Legislation governing Canada’s equalization program, which supports most intergovernmental transfers, is scheduled to expire next March. Bureaucrats have been negotiating over new terms for at least a year.
In February 2012, when Ron Liepert delivered the Alberta budget, he said: “If you qualify for equalization, you should have to show some results based on performance.”
In fact, we know the results. This is a program so riddled with perverse incentives, inconsistencies and defects that the entire country would be better off if it were scrapped.
Because Section 36 (2) of the 1982 Constitution Act declares that the program aims to provide “reasonably comparable levels of public services at reasonably comparable levels of taxation,” even when it does nothing of the kind, some people, mostly lawyers, have said nothing can be done. This is wrong. Equalization payments are a convention, nothing more, and cannot be enforced anyhow.
It’s all about politics and how and what went wrong, not constitutional subtleties.
Equalization payments begin as federal taxes paid by Canadians across the country. The formula that governs what provinces get has changed over the years. It is so complex that Peter Holle of the Frontier Centre said only 30 people in the world understand it. Economist Paul Boothe added that no one can predict what the actual transfers will be.
The commonsensical version of the program is clear enough. It transfers income from individual taxpayers in “have” provinces, the givers, to provincial “have-not” governments, the takers.
The pattern of givers and takers has not changed much in half a century. Taxpayers in Alberta, B.C. and Ontario contribute more to federal revenue than their governments receive in federal spending. They have recently been joined by taxpayers in Saskatchewan.
The consequences are awful. Interestingly enough, they have been noticed chiefly by think-tanks, not by politicians and certainly not by bureaucrats.
Finn Poschmann of the C.D. Howe Institute pointed out several years ago that poorer taxpayers in donor provinces subsidize richer taxpayers in taker provinces. Peter, as usual, was robbed to pay Paul; but Paul ended up better off than Peter. A couple of years later, Fred McMahon, then of the Atlantic Institute for Market Studies, showed that transfer payments led to increased spending in recipient provinces.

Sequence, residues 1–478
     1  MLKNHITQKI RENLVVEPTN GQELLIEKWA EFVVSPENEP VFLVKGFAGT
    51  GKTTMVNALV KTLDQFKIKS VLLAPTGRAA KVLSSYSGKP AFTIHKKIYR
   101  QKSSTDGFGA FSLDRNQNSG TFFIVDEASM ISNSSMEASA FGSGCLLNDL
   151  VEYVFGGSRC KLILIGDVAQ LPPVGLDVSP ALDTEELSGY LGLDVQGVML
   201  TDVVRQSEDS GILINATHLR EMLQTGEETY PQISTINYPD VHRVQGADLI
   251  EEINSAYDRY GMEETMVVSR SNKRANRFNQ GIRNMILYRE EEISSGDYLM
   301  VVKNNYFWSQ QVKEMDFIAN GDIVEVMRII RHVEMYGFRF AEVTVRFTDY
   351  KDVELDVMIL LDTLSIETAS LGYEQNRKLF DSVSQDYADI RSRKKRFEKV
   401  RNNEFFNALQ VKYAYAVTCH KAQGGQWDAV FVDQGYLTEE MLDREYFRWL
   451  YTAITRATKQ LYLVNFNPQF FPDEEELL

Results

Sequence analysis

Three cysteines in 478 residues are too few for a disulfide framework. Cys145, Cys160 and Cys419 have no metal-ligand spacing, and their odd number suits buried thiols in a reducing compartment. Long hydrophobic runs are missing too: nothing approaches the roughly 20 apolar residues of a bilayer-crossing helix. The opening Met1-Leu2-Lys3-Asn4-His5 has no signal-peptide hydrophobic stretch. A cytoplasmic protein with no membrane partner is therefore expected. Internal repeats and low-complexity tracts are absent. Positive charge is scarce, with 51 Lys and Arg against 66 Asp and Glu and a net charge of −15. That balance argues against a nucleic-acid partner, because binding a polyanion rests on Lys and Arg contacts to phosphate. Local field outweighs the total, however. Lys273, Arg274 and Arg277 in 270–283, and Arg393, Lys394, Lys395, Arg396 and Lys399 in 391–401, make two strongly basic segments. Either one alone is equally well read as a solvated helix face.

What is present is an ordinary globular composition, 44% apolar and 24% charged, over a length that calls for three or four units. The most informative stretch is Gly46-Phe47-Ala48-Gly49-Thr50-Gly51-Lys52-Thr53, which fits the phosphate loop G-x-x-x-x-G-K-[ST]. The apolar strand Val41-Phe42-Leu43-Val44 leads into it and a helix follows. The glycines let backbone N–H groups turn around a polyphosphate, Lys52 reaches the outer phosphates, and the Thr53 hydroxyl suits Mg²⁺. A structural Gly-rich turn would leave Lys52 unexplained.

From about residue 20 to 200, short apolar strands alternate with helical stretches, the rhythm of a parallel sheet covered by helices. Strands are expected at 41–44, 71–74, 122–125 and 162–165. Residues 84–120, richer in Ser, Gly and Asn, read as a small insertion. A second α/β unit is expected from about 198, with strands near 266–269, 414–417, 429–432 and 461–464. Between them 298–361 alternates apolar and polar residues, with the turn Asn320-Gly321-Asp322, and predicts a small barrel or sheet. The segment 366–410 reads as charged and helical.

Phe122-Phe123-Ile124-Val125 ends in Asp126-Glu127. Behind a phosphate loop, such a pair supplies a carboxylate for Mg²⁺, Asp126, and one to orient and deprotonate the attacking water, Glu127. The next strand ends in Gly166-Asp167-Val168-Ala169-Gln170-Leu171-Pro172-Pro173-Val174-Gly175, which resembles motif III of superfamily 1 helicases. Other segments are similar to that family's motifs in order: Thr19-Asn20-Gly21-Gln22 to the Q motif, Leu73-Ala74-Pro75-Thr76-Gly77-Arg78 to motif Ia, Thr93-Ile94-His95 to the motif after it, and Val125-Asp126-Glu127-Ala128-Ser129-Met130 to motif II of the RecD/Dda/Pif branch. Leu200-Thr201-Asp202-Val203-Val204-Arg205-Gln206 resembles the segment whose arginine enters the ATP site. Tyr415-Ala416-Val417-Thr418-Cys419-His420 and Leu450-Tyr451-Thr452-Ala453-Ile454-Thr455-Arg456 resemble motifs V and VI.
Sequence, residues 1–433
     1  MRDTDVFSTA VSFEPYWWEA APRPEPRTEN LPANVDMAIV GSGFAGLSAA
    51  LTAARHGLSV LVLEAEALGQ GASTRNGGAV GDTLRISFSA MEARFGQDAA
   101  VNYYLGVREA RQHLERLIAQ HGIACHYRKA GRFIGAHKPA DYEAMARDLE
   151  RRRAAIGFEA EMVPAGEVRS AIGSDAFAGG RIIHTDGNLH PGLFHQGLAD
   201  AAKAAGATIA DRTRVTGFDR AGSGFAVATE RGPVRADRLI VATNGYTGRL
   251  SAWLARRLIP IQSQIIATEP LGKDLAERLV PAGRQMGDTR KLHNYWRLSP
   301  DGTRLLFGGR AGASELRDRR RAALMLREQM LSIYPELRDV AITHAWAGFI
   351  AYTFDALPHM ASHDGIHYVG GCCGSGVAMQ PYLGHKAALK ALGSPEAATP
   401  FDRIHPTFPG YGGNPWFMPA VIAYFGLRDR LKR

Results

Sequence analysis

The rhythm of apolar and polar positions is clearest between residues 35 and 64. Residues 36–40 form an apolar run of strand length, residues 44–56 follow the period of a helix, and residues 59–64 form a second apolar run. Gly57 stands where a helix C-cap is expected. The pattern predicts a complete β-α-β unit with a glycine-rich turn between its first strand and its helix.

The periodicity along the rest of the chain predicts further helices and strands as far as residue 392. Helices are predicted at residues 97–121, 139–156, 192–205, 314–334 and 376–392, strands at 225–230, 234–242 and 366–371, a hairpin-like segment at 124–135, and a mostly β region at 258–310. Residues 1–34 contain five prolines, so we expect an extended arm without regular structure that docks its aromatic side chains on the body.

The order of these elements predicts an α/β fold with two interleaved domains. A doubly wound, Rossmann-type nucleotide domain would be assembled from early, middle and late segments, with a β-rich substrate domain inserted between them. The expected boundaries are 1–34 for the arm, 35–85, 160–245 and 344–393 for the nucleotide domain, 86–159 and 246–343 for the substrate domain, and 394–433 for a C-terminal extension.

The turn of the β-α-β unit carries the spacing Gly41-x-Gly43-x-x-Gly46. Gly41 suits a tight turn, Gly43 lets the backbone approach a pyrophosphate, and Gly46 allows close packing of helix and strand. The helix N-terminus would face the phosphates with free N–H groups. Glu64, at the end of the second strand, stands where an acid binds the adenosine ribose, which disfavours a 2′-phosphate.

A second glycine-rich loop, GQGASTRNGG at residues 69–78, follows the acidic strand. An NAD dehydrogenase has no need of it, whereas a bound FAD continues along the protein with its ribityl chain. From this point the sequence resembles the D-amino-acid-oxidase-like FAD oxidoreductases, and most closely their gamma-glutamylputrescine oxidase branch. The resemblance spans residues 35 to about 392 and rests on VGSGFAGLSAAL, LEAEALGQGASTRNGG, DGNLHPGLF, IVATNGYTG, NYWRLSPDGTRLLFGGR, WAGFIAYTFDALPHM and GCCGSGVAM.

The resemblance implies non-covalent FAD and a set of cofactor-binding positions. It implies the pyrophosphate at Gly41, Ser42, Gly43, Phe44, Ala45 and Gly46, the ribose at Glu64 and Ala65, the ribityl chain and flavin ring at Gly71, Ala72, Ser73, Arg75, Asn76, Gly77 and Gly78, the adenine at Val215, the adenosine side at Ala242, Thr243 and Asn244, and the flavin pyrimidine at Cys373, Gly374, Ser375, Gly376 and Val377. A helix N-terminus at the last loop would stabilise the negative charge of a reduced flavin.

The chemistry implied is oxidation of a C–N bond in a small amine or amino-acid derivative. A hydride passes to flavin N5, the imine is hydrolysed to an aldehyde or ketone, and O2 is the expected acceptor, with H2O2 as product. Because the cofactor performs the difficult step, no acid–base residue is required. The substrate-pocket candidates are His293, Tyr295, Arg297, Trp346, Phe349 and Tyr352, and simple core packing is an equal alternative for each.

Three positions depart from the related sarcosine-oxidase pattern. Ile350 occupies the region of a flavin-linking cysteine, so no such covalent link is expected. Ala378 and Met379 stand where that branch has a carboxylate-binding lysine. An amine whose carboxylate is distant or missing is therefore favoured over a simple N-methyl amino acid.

Then Ben Eisen and Mark Milke at Frontier showed that the “real have-nots in Confederation” were the donor provinces because they had no “free” money to pay for health-care. More recently still, Milke, now at the Fraser Institute, looked at 19 indicators of provincial spending. In 13 cases, the takers spent more per capita than the givers.
This explains why there are more doctors and MRI machines per capita in P.E.I. than Alberta, or why Quebec subsidizes university tuition so that it is less than half of what it is in Alberta. That was not how it was supposed to be.
Nobel laureate James Buchanan, the “father of equalization,” argued in his 1948 PhD thesis that a sensible program would ensure individuals in richer provinces would bribe those in poor provinces to stay home rather than move and becomes a burden on the local welfare system. He did not advocate government-to-government transfers because, as has happened, bureaucrats who administered such transfers would cultivate an interest in continuing the program, whatever its results.
If no individual were encouraged to leave New Brunswick to find work in Fort McMurray, they would happily stay at home and collect pogey. This explains why a chocolate manufacturer in New Brunswick imported workers from Romania despite a local unemployment rate above 11 per cent.
The result is increased provincial disparities. The only beneficiaries are the bureaucrats, who shuffle paper and cut cheques. Both the provinces that receive the money and the taxpayers who supply it are worse off. The takers fall into a welfare trap and become increasingly dependent on the federal government. Individual taxpayers receive inferior government services, as the latest Fraser Institute study showed. It would be reassuring to learn that the Redford government still adheres to the Liepert principle. By repeating it from today until next March, perhaps we can begin to wind down this worse than useless fiasco.